After launching Himalayan Watch, a digital forum for researching and communicating ecological affairs of the mountain state, SDC Foundation organized the inaugural edition of SDC Dialogs. It is an in-house initiative to mainstream the social and environmental affairs of the Indian Himalayan Region.
SDC dialogs is a series of webinar organized with domain experts and citizens on issues specific to mountain states. The first edition was organized on 13 August 2020. The topic of discussion was “Discussing the State of Public Health Systems in Mountains”.
Dr. Ajit Gairola, Former Director, National Health Mission – Uttarakhand; Dr. Garima Pant, Senior Medical Officer, Sub-District Hospital, Mussoorie; and Anand Sankar, Kalap Trust joined in as panelists. The discussion was moderated by Rishabh Shrivastava, Lead – Public Policy and Communications, SDC Foundation.
Uttarakhand’s health performance has been in an abysmal state. Niti Aayog’s Health Index for 2018 reported Uttarakhand to be at 15th place but in 2019’s index it dropped to 17th place. The report also commented on the Himalayan state’s poor performance on critical health indicators like infant mortality rate, neonatal mortality rate and sex ratio. The report also mentioned that state lacked specialists in district hospitals and there are no doctors in primary health centers.
With COVID-19 pandemic claiming more than 48000 lives nationally, Jammu & Kashmir remains the most infected Himalayan state (close to 27000 cases) followed by Uttarakhand ( 11302 cases). Himachal Pradesh (3816 cases) continues to be witness a gradual growth in cases and fares better then J&K and Uttarakhand. Meghalaya, Sikkim and Mizoram continue to be three least infected states in India.
(Webinar was hosted by SDC Foundation on 13 August 2020. Design by: Radhika Sinha)
Having set all of this as background, panelists were asked to give their opening remarks and engage in the discussion.
“COVID-19 came as a novel public health crisis and we had no answer to it. We failed to do early testing and quarantining of people who started returning to state after the lockdown, which increased the number of total cases in the hill state. To move ahead, implementing a robust containment strategy is the only way forward”, said Dr. Ajit Gairola. He also added, ” National Health Mission has been a success but it still needs to work on a few fronts. Manpower remains a critical issue for the Himalayan states, which still needs to be addressed and that is something on which we are working,” said Dr. Gairola.
Dr. Garima Pant, being a frontline health worker shared, “I would like to appreciate the way state government responded to the COVID-19 crisis. The initial guidelines formulated by the central and state governments helped in streamlining the testing and treatment protocols for us at the district hospitals. Though these guidelines have kept on changing but it has helped many frontline staff in attending COVID-19 cases”.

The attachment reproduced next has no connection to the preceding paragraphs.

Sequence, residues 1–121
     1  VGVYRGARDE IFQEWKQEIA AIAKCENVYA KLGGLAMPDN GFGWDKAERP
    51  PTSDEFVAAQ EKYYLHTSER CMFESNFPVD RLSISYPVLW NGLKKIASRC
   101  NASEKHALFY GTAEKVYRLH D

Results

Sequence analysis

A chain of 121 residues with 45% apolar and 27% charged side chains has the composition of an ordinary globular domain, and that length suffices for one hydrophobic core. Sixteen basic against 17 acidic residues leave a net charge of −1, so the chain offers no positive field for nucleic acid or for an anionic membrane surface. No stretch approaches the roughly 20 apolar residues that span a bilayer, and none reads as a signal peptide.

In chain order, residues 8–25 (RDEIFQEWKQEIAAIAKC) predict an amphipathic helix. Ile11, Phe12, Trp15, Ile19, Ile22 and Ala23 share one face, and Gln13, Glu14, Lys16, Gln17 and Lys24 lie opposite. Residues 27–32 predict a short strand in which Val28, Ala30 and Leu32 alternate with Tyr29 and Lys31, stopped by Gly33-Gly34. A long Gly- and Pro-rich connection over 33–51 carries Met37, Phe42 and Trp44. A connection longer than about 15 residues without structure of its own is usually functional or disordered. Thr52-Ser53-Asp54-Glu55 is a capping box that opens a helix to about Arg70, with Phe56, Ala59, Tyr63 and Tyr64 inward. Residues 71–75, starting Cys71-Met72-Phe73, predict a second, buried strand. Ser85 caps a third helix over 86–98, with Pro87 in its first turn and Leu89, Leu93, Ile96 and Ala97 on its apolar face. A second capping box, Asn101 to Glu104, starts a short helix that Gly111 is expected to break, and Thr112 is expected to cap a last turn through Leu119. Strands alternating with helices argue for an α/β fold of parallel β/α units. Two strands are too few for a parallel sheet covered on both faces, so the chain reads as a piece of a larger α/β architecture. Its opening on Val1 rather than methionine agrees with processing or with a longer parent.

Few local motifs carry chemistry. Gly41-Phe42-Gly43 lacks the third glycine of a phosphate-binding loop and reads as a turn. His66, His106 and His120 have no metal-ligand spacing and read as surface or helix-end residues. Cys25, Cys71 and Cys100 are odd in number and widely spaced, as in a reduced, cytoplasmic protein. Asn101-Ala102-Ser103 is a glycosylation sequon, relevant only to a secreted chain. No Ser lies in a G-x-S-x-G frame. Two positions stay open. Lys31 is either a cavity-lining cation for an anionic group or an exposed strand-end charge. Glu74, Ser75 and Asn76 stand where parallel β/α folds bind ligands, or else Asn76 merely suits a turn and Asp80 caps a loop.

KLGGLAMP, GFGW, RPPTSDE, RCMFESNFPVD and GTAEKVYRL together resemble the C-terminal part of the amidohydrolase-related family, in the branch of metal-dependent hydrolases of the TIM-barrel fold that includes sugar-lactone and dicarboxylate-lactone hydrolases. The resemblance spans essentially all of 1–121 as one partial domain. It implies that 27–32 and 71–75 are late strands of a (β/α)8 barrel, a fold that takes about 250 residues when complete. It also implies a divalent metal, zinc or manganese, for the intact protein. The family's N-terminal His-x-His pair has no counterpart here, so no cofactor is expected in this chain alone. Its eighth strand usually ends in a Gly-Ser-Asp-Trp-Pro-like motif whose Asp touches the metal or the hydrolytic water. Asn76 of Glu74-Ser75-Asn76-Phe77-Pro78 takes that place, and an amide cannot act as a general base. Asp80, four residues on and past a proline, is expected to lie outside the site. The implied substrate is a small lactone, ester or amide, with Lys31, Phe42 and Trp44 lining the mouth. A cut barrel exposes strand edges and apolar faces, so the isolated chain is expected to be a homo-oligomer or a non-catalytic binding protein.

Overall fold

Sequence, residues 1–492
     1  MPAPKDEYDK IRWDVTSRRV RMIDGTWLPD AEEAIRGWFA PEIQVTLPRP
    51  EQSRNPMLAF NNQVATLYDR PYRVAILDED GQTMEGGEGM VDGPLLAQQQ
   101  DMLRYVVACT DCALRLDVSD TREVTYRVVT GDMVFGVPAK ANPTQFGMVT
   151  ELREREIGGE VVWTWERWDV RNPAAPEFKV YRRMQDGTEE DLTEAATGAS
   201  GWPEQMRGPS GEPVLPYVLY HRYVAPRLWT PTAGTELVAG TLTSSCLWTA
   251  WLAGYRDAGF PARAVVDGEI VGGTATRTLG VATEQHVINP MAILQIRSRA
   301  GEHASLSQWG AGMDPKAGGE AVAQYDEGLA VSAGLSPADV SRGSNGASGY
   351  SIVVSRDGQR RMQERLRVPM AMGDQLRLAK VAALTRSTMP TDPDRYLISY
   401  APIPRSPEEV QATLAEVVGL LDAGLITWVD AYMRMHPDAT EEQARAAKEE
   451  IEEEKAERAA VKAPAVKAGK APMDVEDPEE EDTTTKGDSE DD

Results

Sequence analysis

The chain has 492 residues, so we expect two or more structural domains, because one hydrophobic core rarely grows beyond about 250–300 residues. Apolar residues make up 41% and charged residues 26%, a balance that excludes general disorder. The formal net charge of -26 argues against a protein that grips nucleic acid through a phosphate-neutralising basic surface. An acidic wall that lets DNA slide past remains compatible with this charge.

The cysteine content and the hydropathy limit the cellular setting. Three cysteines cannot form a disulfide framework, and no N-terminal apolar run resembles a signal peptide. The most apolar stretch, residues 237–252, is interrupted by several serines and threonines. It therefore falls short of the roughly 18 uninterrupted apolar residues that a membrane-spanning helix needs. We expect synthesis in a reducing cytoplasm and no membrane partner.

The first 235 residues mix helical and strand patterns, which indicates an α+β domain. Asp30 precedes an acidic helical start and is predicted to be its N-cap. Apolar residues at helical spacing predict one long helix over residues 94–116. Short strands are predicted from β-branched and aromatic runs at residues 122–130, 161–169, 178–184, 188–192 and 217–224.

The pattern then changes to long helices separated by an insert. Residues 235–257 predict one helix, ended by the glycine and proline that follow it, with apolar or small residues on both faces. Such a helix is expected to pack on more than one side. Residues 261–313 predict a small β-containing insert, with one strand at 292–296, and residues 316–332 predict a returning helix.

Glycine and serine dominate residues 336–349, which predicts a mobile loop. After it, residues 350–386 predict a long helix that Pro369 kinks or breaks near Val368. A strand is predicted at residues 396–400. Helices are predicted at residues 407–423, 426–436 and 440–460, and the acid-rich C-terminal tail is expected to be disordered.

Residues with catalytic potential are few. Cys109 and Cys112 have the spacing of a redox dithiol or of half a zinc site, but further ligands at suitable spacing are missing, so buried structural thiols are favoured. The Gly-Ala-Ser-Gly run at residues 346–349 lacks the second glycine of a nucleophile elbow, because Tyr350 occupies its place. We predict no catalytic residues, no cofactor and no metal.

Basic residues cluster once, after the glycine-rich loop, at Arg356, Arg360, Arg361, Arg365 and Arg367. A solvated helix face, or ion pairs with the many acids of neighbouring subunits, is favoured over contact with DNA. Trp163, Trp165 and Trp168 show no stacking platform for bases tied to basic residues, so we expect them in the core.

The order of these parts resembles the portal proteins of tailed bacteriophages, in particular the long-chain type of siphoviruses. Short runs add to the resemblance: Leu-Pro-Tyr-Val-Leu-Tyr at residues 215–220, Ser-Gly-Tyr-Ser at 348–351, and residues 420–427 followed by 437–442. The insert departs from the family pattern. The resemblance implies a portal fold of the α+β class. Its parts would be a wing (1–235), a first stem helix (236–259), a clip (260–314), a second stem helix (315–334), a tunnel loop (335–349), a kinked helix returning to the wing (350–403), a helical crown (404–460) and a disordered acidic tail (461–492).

Dr. Garima also commented on the state of public health in the mountains and said, “resources and infrastructure in Uttarakhand have surely been upgraded by the state government. District hospitals are better equipped today, they have been renovated and made modernized. Things are improving gradually”. She also added, “But we should not promote privatization in the Himalayan state. It has been a complete failure for Uttarakhand. PPP model is not workable”.
She also said that we need to start adequately incentivizing the medical personnel posted in rural areas or promoting young medical professionals to take up some services in the upper and rural reaches of the mountains. This will ensure adequate availability of skilled and trained manpower.
Dr. Gairola said, ” we should not be promoting PPP model in Uttarakhand. It is simply not workable and viable. We should build our own capacities and infrastructure. We should train our own people in managing and operating these resources. Private players are coming here, using our resources and we are the only ones paying them.”
Anand founded Kalap Trust in 2014 and has been working in the Mori block in the upper reaches of Uttarakhand with around 40 villages. Kalap Trust has been providing free of cost health services to locals. He said, “Uttarakhand and other Himalayan regions have been facing problems with regard to implementation of even the basic services like roads, electricity and water. We have tried to make people volunteer for medical camps but the unavailability of basic services like the internet and electricity is a major barrier. Connectivity can play a major role in public health for the Himalayan regions”.
Anand also said, “COVID-19 has been handled with a policing approach. There’s no handling of it as an epidemic or pubic health crisis. That makes a big difference”. He further added, “we need to have a manual on how to respond during the crisis which is different from policing approach”.
On making local communities equal stakeholders in the public health process he said that lack of awareness and communication has kept local communities out of the entire process. We need to ramp up our awareness and communication techniques to make local communities as equal stakeholders in the public health systems.
The webinar was facilitated by Anoop Nautiuyal, Gautam Kumar, Aadarsh Anand and Vidush Pandey.
(By: SDC Team)